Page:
But Coffy is also pure entertainment, with some great ‘guilty pleasure’ moments that stay with you forever, like the call-girl cat fight scene and Coffy hiding razor blades in her Afro. There’s also King George’s wicked fashions (he also gets his own theme tune) and the funky R&B Roy Ayers soundtrack (which peaked at No31 in the US charts in 1973). Oh, and let’s not forget THAT poster, which Tarantino called ‘the epitome of a great exploitation poster’. Grier followed this film with AIP’s Scream Blacula Scream, which also available on Blu-ray (click on the link for my review).
THE BLU-RAY RELEASE
Arrow’s director-approved presentation features a restored HD transfer (which looks fantastic btw) alongside an audio commentary with Jack Hill. Among the new interviews on this release is A Taste of Coffy, featuring Hill on making the film (19min), and The Baddest Chick in Town!, in which Pam Grier discusses the films and her inspiration behind the character (17min). Also included is an academic video essay on the Blaxploitation genre, image gallery, and a collector’s booklet, with new artwork packaging by Gilles Vranckx.
• Foxy Brown, director Jack Hill’s follow up to Coffy, is also out on Blu-ray from Arrow, along with the director’s Spider Baby and Pit Stop, which are also on Dual Format (DVD and Blu-ray). Click on the links for my reviews.
Ganja & Hess (1973) | Hailed and damned and hailed again! Bill Gunn’s cult masterpiece now on Blu-ray in the UK
Some marriages are made in heaven, others are made in hell!
While studying the ancient Mythria tribe of Africa, wealthy anthropologist Dr Hess Green (Duane Jones) is stabbed with a ceremonial dagger by his unstable new assistant George (Bill Gunn), endowing him with immortality and cursing him to drink human blood. Following George’s suicide, his sassy, no-nonsense wife Ganja (Marlene Clark) comes look for answers, but ends up finding a unexpected soul mate in Hess, which results in the couple’s ritualistic union. But when Hess finally decides to seek salvation in a bizarre act of self-exorcism, Ganja isn’t so willing to give up her newly acquired immortality…
‘One of the most literate, allegorical, and evasive of all horror films’
David Walker & Tim Lucas, Video Watchdog
Before you sit down to watch this, be warned! Ganja & Hess is neither a blaxploitation film nor a vampire movie (which it was intended to be). It is, in fact, a hauntingly original, highly-stylised drama about sex, faith, addiction and African American identity. A cult film in the true sense of the word, its fractured history is the stuff of underground cinema legend.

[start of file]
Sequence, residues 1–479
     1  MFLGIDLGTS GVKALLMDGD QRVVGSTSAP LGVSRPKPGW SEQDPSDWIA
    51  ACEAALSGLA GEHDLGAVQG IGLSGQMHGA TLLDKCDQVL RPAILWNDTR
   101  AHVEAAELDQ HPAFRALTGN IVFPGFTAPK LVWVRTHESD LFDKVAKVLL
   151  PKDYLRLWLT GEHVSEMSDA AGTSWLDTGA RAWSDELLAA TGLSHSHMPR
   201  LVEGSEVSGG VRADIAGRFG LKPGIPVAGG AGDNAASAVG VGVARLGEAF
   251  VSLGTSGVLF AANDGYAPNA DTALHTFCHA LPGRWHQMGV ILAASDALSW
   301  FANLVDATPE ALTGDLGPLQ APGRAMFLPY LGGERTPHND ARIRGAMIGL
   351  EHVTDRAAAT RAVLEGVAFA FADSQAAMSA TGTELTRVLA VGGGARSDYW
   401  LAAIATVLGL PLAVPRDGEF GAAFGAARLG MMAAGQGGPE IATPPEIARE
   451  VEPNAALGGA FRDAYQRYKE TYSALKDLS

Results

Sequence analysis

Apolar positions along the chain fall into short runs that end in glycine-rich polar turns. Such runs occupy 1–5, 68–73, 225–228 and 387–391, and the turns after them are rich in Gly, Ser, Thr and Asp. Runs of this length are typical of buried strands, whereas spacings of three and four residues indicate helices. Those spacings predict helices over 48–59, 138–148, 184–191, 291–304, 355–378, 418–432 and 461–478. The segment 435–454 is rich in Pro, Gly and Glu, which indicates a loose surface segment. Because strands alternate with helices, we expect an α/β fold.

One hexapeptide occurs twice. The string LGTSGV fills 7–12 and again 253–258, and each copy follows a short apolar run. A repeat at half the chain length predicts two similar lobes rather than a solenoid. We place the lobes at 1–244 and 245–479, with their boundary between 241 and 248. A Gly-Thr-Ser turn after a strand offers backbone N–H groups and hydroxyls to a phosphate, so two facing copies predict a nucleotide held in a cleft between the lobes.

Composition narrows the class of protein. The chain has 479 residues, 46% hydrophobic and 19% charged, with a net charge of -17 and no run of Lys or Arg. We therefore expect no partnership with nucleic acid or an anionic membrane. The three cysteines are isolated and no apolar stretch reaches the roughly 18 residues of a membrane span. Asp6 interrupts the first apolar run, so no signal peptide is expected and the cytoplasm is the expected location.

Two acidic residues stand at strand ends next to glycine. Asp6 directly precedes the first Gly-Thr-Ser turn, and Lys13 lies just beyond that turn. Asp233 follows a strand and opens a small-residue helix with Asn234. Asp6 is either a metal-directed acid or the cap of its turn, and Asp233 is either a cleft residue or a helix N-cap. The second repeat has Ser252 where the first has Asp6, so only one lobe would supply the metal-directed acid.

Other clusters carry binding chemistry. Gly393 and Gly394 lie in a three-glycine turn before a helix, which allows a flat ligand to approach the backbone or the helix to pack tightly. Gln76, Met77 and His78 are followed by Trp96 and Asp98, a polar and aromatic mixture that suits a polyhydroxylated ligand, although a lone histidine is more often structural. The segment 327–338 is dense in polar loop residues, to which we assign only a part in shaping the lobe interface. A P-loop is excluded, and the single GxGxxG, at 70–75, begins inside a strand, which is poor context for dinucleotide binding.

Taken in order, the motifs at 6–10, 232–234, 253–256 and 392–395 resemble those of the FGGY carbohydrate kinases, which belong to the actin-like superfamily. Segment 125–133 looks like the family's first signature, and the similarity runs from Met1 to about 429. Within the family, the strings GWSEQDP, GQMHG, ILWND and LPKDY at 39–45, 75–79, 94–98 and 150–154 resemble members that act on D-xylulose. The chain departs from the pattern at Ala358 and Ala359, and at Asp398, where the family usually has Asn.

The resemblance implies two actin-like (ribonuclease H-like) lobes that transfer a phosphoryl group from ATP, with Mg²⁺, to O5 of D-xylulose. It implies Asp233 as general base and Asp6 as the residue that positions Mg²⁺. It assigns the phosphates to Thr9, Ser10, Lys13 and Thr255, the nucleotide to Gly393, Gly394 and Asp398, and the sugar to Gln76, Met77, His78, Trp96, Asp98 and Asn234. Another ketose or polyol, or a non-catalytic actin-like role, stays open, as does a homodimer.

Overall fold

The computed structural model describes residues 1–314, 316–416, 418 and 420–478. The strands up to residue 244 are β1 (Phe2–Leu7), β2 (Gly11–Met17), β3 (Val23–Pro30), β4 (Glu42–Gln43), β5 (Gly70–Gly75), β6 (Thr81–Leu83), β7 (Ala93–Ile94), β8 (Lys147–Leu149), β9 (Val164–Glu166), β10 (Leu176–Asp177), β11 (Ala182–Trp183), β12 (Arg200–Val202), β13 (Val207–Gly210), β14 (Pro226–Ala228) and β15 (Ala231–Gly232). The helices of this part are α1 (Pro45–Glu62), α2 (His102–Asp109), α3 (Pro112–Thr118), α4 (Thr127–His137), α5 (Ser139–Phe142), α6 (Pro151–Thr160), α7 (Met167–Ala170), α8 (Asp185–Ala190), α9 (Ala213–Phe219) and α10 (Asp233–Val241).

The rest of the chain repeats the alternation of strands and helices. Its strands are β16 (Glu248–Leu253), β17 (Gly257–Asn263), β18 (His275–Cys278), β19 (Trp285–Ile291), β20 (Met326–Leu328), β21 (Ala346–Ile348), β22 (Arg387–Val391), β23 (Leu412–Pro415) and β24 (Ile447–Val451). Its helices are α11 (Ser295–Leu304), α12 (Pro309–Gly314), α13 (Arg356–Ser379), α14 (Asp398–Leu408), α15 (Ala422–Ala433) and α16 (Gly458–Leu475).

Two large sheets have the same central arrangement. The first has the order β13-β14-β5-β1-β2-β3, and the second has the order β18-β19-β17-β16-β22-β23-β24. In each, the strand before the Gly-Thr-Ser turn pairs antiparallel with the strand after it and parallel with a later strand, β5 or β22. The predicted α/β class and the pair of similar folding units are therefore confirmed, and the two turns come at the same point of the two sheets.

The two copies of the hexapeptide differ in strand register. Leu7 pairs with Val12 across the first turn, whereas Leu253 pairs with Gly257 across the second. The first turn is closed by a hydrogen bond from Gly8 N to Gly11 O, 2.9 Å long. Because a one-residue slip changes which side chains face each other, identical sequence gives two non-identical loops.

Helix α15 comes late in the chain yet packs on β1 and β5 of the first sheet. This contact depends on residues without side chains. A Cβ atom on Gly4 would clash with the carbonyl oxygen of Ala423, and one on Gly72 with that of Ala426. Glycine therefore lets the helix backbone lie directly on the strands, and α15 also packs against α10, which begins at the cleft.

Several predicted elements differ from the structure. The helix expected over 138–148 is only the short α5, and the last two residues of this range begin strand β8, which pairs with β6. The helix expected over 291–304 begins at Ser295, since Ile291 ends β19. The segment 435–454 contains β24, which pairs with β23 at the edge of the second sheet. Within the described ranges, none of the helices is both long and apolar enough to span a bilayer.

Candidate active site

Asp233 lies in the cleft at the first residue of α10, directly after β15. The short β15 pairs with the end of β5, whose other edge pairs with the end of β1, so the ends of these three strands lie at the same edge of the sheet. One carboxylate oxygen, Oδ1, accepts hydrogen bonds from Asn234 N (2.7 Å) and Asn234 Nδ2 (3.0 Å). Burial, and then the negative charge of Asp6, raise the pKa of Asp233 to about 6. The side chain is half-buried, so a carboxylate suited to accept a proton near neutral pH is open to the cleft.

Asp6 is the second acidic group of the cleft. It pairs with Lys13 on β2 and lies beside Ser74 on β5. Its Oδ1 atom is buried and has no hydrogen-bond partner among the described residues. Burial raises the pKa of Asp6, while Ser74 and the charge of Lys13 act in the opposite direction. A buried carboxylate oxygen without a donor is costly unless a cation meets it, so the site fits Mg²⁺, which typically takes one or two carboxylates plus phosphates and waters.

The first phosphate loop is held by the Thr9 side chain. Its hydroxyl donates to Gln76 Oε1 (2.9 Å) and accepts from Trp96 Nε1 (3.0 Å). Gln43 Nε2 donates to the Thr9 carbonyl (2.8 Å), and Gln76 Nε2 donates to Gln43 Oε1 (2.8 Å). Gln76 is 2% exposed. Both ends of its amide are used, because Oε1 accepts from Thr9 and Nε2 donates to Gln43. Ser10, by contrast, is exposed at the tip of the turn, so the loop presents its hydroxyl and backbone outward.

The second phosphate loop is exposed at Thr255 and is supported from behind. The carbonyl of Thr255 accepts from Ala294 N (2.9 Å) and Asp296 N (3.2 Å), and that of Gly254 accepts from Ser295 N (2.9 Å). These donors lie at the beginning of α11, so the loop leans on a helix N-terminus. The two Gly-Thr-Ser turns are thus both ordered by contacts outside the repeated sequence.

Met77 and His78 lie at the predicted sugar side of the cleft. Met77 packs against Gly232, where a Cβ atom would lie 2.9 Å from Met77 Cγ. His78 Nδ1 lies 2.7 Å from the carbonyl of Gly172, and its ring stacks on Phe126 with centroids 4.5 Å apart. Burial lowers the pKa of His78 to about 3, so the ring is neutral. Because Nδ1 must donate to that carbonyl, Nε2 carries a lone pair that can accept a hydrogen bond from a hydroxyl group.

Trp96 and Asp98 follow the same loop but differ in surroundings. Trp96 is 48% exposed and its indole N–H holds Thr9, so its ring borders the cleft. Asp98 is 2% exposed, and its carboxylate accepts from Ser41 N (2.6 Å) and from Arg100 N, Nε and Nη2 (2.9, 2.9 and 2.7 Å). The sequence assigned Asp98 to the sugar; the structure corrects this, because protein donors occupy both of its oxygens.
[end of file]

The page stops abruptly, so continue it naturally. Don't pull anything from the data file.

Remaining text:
US playwright Bill Gunn was in the right place and the right time when he was handed US$350,000 to make his debut feature. But though he was supposed to have made a blaxploitation horror to ride on the cape and coat-tails of Blacula and its sequel (reviewed here), he ended up giving his producers an enigmatic meditation on addiction with an improvised Bergmanesque bent and an newly-radicalised African American agenda. It earned rave reviews at Cannes, but wasn’t what the producers ordered. They responded by re-editing it (excising all of the arty bits) and releasing it as Blood Couple (as well as Double Possession and Back Vampire amongst others) for the drive-in and grindhouse circuits. Gunn was furious. And so should have been.
Gunn’s marginalised masterpiece ended up fading into obscurity, while the director himself died prematurely in 1989 (from encephalitis). But thanks to film historian David Kalat, a director’s cut of the film was eventually released in 1998, followed by a HD version in the US under the Kino label. Now, the film gets it UK debut on Blu-ray and DVD from Eureka! Entertainment.
An important work in African-American cinema, Ganja & Hess is much more than just a failed horror movie experiment. Inspired by Gunn’s vision, film-maker Spike Lee has even filmed a remake, entitled Da Sweet Blood of Jesus, which hits US cinemas in February 2015.
Ganja & Hess is certainly difficult to digest in one sitting (especially the lengthy monologues), but it’s worth the effort. The images are many and multi-layered, fired by the director’s imagination and intellectual agenda; while the soundtrack is a fusion of soul and gospel, droning psychedelia, and primal screaming. The 16mm and 35mm film stocks used give the images a hazy, dreamlike quality that’s entirely suited to Gunn’s maverick style. And its worth noting that both George Romero’s Martin (1977) and Abel Ferrara’s The Addiction (1995) share its gritty low-budget look and vampiric/addiction themes.